“While we don’t want to replace what the FE and HE colleges offer, we want to look at an alternative way of bringing skills to adult learners, which means that if they want to switch career, they don’t have to take time off work to attend a training course. We are looking at that issue in partnership across our district to see if there is a model we can develop which would fill those gaps,” said Fiona.
Fiona explained they are also looking at the barriers that prevent people from accessing skills opportunities: “Districts can add value in that respect because we have a good understanding of what works and what doesn’t work in our communities. For example, our broadband speeds are low in some areas, so delivering online courses could be quite challenging.”
Opportunities, barriers and potential solutions
Babergh and Mid Suffolk are working with the University of Essex to explore the possibility of what Fiona called a ‘knowledge transfer partnership (KTP) light’, looking at how to make KTPs successful for small local businesses.
“Again, it’s about us being able to have the resource and the headspace to think of those schemes that can help local businesses to grow, and therefore create more employment opportunities."
The number of businesses taking on apprentices has dipped, and it would be helpful if there was a way for small businesses to share apprentices.
“Some flexibilities around some of the government initiatives would be really helpful, to help make the pot go further. Some businesses can’t afford the cost of employing an apprentice because they really only need one half the time. The current system is seen to be too complex by most businesses,” said Fiona.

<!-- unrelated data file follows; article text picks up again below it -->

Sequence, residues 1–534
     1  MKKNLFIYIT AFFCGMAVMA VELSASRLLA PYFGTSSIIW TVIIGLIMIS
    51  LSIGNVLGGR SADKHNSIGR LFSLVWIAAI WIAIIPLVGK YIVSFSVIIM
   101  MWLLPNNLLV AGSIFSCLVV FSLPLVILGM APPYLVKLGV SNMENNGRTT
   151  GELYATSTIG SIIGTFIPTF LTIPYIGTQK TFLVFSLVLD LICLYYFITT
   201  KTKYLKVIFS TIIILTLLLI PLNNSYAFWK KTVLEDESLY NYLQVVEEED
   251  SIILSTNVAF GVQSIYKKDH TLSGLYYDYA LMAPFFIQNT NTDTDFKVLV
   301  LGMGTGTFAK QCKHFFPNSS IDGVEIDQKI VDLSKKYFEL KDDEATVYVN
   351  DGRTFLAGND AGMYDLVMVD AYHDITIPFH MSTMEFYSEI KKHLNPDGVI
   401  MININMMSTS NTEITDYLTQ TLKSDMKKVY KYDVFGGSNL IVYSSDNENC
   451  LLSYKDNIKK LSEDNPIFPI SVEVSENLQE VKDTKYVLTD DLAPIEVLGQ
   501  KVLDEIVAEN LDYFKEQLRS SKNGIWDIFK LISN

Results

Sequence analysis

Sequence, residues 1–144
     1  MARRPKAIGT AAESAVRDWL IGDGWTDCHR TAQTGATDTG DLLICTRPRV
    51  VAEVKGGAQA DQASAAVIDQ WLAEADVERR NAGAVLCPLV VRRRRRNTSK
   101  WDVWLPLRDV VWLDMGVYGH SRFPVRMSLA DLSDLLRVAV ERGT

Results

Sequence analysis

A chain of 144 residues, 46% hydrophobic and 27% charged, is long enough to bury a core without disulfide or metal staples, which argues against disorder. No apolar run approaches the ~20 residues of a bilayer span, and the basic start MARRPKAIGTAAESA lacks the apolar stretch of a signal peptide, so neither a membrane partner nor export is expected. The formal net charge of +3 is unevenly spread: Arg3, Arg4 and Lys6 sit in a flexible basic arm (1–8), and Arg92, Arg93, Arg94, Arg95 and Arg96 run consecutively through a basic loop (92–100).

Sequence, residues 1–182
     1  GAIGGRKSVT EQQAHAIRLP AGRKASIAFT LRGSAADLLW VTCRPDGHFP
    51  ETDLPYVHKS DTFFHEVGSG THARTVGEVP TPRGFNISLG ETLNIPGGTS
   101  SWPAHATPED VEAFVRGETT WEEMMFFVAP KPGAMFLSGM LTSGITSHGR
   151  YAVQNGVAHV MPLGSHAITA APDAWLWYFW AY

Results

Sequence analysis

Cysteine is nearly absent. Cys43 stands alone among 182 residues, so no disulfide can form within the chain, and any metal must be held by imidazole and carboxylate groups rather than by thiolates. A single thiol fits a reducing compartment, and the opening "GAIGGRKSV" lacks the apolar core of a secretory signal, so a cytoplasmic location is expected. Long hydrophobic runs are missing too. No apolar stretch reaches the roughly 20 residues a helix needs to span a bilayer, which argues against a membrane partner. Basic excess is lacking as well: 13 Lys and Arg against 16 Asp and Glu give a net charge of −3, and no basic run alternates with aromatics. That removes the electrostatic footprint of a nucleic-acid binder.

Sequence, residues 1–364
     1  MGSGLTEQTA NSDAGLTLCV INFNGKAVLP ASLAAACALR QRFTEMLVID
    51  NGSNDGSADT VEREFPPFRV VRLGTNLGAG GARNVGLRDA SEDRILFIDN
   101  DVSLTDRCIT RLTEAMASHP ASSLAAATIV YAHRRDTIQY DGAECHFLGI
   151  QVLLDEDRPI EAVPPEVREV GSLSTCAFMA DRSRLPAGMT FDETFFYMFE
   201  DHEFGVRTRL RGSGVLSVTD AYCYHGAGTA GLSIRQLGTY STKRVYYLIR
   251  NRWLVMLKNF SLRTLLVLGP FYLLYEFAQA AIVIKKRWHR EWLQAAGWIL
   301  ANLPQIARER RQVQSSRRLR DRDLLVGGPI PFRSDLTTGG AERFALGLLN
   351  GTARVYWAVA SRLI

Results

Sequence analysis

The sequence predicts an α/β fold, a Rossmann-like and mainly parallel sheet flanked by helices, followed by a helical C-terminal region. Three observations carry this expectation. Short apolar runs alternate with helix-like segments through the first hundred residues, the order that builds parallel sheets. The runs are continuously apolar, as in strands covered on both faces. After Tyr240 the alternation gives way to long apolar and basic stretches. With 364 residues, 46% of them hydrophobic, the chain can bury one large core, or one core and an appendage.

There is some frustration that DWP’s ‘Kickstart’ programme takes a short-term approach, which makes it difficult for partners to help all participants transition to good placements after the programme’s initial success.
The local perspective
The first ‘Careeriosity’ event was held during half term in October 2021. It was run by Babergh and Mid Suffolk, working with a wide range of partners. Industry experts were invited to run career workshop sessions for young people and share first-hand workplace experiences, which included film, music, virtual gaming, sports and STEM (science, technology, engineering and mathematics) opportunities.
Fiona said: “This was a completely different approach to helping young people think about the skills and career possibilities of the future. Rather than host something in a school setting, we ran it over three days at four different sites across Stowmarket.”
About 160 young people took part (COVID-19 factors may have affected participation). Fiona stated that the feedback was overwhelmingly positive in terms of helping them access practical advice on different industries:
“Careeriosity has a really important role in our ambition to raise aspiration. We are looking to roll it out across a wider area and to put on more targeted events. For example, we know that the energy sector has a skills deficit, so we are looking at how to get more people to consider energy, in its widest sense, as a possible career route.”